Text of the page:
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The Battle for Healthcare Information A War Game

The Battle for Healthcare Information A War Game

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The Battle for Healthcare Information A War Game

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  1. The Battle for Healthcare InformationA War Game St. Mary’s Hall, Rm 110 Georgetown University July 16, 2009

  2. War games are a process to examine the near term A war game is a structured strategic exercise to help you anticipate competitive moves before your rivals make them. 1-3 year horizon…you know the players but may not understand their strategies!

  3. Why this event…Why it works? Why this event? War games are typically private, closed-door events run by Fuld & Company for clients that need to make critical, often high-stakes decisions. This public war game allows us to show you our approach and demonstrate how and why a war game is a very effective vehicle for executives who have to make critical decisions Why it works? It “stress tests” strategic reality

  4. Pay for What Works A “Stress Test”? There are over 100 billion reasons why! Healthcare expense hyper growth now pervasive The quality of care being delivered today is increasingly recognized as suboptimal In order for technology to succeed here, we need a learning healthcare system A system in which evidence emerges as a natural by-product of the care delivered Delivering the right care, to the right person, at the right time, for the right price Lots of money on the table for the right solution: A recent Rand Corporation study found that an effective electronic medical records system could eliminate $162 billion in unnecessary expenses from America’s healthcare system.

  5. Payers Pharma and Biotech Diagnostic/Device Patient Providers Technology Providers Government Agencies A Brave New World Of Future PartnersUltimately, it’s about Co-opetition, not Zero Sum!

  6. We Have Come A Long Way Since 1949… “As a time saver, a pneumatic tube system will be included” …for the purpose of distributing histories of patients and other information that might be needed, as well as a means of communication between departments in the teaching institutions. – Dr. Ernest William Bertner, January 30, 1949, first President of Texas Medical Center “Our recovery plan will invest in electronic health records and new technology that will reduce errors, bring down costs, ensure privacy and save lives…So let there be no doubt: health care reform cannot wait, it must not wait and it will not wait another year." - Prepared text of President Obama’s address to Congress, February 24, 2009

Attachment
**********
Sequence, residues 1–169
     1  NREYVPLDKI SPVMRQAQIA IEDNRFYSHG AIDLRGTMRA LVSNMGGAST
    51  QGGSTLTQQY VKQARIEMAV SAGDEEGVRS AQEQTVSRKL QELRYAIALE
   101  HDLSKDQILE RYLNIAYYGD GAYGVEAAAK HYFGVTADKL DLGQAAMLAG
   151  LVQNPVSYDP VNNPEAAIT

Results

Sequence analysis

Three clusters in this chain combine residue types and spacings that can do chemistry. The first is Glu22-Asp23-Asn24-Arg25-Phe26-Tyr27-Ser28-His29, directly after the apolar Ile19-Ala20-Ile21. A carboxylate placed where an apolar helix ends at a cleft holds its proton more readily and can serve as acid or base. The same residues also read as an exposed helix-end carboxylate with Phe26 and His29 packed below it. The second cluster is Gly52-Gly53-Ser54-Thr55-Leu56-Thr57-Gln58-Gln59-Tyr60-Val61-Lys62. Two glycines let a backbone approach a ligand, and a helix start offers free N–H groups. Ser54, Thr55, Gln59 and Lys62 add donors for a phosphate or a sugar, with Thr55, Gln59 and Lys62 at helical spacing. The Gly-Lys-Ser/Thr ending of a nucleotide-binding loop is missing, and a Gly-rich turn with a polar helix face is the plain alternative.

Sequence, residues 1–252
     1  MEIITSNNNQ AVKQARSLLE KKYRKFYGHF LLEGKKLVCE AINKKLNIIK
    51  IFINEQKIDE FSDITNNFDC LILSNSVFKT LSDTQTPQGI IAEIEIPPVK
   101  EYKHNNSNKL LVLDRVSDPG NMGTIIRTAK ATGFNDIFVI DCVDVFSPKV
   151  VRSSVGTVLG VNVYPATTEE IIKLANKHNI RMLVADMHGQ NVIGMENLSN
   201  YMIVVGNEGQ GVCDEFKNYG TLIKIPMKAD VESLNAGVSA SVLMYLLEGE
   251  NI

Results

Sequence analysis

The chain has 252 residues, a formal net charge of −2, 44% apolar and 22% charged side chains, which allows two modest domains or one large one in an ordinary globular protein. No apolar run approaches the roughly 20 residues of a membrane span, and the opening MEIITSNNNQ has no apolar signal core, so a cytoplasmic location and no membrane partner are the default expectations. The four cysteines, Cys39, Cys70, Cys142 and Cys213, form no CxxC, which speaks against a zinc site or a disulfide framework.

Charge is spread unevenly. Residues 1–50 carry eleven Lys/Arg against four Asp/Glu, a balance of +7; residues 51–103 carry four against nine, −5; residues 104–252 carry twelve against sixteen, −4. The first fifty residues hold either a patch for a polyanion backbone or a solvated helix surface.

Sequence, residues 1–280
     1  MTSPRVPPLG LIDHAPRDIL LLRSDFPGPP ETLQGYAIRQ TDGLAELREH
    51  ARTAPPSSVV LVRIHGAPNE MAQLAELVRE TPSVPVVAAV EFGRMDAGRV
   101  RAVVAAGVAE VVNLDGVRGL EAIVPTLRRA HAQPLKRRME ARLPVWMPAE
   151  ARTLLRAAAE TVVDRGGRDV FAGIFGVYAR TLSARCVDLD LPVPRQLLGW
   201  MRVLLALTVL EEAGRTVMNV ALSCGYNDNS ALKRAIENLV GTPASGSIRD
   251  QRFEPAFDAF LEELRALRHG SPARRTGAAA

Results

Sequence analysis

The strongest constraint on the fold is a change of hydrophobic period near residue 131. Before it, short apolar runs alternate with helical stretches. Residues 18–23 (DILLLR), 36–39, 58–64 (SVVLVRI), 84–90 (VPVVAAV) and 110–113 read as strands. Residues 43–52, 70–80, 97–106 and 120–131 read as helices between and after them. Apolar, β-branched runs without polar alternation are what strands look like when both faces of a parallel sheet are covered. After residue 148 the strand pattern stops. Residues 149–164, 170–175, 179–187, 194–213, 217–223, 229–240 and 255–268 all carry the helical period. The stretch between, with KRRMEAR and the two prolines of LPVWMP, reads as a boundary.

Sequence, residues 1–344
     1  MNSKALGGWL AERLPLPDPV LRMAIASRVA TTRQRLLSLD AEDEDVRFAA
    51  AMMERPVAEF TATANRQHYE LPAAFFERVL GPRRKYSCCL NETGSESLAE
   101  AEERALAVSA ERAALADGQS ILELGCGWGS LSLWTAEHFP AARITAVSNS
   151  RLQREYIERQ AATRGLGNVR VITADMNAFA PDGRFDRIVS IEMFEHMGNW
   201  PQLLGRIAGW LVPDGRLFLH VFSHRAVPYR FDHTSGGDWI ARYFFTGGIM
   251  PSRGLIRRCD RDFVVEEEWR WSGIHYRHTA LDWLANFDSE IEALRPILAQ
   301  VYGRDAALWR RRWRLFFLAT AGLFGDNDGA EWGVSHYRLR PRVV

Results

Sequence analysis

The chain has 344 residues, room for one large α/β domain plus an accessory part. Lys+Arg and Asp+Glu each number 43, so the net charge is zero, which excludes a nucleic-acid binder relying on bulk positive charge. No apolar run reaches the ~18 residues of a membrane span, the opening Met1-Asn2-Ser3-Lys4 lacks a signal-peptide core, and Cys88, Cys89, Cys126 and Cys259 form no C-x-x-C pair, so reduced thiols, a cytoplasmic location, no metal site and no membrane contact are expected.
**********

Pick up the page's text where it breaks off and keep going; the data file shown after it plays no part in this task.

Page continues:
7. Four Nationally Ranked Business Schools Competed The Schools The Judges The Facilitator “Students from Harvard Business School and MIT's Sloan School of Management were recently invited to play a "war game.” The organizer, Fuld & Company….In the real world, the stakes are far higher, but the basic analysis may prove correct…”  KDS Consulting

  8. Industry Analysis in your Briefing Book Understand the overall industry picture Let the industry picture lead you to understand the competitors’ likely actions Use your understanding to help your company make better decisions Industry INDUSTRY FORCES TARGET’S ACTIONS

  9. The Industry Gaining An Industry Overview: The Five Forces Threat of New Entrants Bargaining Power of Suppliers Bargaining Power of Customers Jockeying for position among current competition Substitute products or services

  10. Porter’s Five Forces Model • What makes one industry more profitable than another? • Why is the market for drug therapies more profitable than the market for truck transport services? • Why is a technology based product like the desktop PC such low profit business? • Within an industry, why are some companies are more profitable than others? • Amgen had a higher rate of return than Wyeth • Only Dell made money selling PCs until 2006; since then Dell hasn’t but HP does • And what is the “healthcare information industry??” • Who are the competitors, suppliers, customers, potential new entrants, and substitutes?

  11. Differentiate Be Low Cost Focus (e.g., geographically or on a market segment) Differing strategies separate participants in the same industry

  12. Drivers At all levels of management and in multiple dimensions Current Strategy How the business is currently competing • Future Strategy • What will the company’s future strategy be? • Product • Place • Price • Position Assumptions Held about itself and about the industry Capabilities Strengths and weaknesses; core competencies Porter Four Corners Analysis – First Look